And so you carried on there until you finally came to Havelock? [North]
Yes, we were in Wellwood Road for forty years.
I can’t believe it was that long ago that I used to come and …
And have a cup of tea at our funny old kitchen table. [Chuckle]
It’s not about the table, it’s about the people. And so now you’re sitting on the banks of the mighty Karamu Stream …
Thoroughly enjoying the life of retirement.
So now, what haven’t you told me?
I’ve got four grandchildren and another one on the way who will be born in about six weeks’ time. All my grandchildren live away from here, which has been unfortunate not being able to be part of their daily lives. Anna, my daughter who lives in Dunedin, has got Hugh who is fifteen, and Billie who is twelve. She’s a girl, and we’re very close, and we manage to see them two or three times a year.
Nicky is in the Barossa Valley; very involved in the wine world. And she has two girls. She works for the Barossa Winegrowers’ Association as a viticultural adviser, but she used for Charles Melton as a winemaker. But it was very hard to be a winemaker and bring up a family. Yeah, it’s a lovely place … very hot. I used to go over there and help her with the children when they were little, and it was so hot.
Now how about telling me something about your father?
I was close to my father. He was a lovely, kind man and I just absolutely adored him. He had a great love of books, and was the book editor for the Tribune for years. So all the new books would arrive for him to review, into the office, and I have many memories of him taking me up to the bookroom for me to choose books. And he was a keen trout fisherman, and I can remember him sitting at the kitchen table with all his little tools, making his own flies. And he was always encouraging. Unfortunately, he wasn’t able to come and see any of my sports games playing netball, because he always worked on a Saturday; so that was a shame. Just remember him just being a hard-working man, and quite a quiet man, but wise. I can remember going into the Herald Tribune buildings when they were still making the print on the big steel blocks, and then it would go into this huge machine, the big press.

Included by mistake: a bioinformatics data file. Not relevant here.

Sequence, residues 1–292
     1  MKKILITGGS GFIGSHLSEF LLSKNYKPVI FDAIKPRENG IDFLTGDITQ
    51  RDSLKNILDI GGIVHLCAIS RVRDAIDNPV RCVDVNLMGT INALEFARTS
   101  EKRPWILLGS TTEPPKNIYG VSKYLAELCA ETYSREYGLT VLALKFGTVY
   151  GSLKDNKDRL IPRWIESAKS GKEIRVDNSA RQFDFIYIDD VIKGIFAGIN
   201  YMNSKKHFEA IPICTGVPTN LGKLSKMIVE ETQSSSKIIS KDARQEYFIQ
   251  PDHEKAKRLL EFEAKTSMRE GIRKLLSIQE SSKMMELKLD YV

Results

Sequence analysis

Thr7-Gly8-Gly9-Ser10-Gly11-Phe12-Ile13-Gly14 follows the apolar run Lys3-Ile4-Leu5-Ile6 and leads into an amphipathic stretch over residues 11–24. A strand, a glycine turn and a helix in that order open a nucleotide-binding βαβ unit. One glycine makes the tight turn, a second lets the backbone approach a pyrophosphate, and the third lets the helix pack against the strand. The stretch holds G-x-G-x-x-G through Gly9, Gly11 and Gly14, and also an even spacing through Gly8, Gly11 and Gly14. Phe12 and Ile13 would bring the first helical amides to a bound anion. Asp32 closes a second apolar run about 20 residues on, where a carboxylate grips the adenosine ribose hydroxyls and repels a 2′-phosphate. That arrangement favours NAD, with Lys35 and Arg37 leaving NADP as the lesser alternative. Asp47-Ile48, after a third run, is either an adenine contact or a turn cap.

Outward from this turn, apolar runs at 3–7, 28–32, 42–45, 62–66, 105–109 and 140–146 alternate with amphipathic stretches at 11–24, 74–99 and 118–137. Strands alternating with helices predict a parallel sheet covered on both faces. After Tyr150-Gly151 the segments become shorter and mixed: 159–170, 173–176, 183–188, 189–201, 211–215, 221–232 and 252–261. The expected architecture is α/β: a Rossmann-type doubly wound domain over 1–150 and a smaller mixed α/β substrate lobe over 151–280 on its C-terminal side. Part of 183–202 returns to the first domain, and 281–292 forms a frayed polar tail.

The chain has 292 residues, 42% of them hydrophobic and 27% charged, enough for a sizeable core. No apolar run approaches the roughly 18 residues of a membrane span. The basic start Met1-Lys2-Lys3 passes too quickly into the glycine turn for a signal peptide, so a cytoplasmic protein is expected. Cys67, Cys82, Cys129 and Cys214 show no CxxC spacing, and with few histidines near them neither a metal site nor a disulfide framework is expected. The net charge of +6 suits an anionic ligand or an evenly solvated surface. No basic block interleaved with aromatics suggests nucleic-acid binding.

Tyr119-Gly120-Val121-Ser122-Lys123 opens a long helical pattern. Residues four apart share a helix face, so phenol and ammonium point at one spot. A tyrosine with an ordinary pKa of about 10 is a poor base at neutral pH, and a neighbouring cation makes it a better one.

You haven’t said anything about your mother …
Oh, oh, I haven’t. Mum was a stay-at-home mother.
What was her maiden name?
Her maiden name was Margaret Williams, and she lived next door to my father, so Sad really married the girl next door. And she was a great mother; she always made sure we were well fed, well clothed. And I remember being quite embarrassed having to wear thick stockings to school, and woollen singlets. And she was lots of fun, she had a great sense of humour; but when my dad died suddenly, she really … she didn’t cope well without him ‘cause he’d spoilt her rotten. So that was really sad that that happened.
So what age was she ..?
She was only fifty-nine. It was such a sudden death – nobody had any warning. Just awful that I was never able to say goodbye to him, or all of those things.
Do you know who was the editor of the Tribune when ..?
I think it was one of the Whitlocks. Yes, and then there was Ted Weber; and I remember Dad got on really well with Ted.
Oh, my father smoked a pipe, and inhaled it; and there was a yellow spot on the ceiling underneath where he smoked his pipe.
Is there anything else?
I can’t think of anything. He loved sport, so Dad and Tim got on really well because they had the rugby in common, and cricket. It’s a shame that Dad couldn’t really play any sport in his later years because of having to work on a Saturday – it didn’t work. And I think with having twins, he was busy; he helped out a lot, more than most fathers did in those days. Yes.
All right, well I’ll just put this on pause …
Original digital file
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Interviewer: Frank Cooper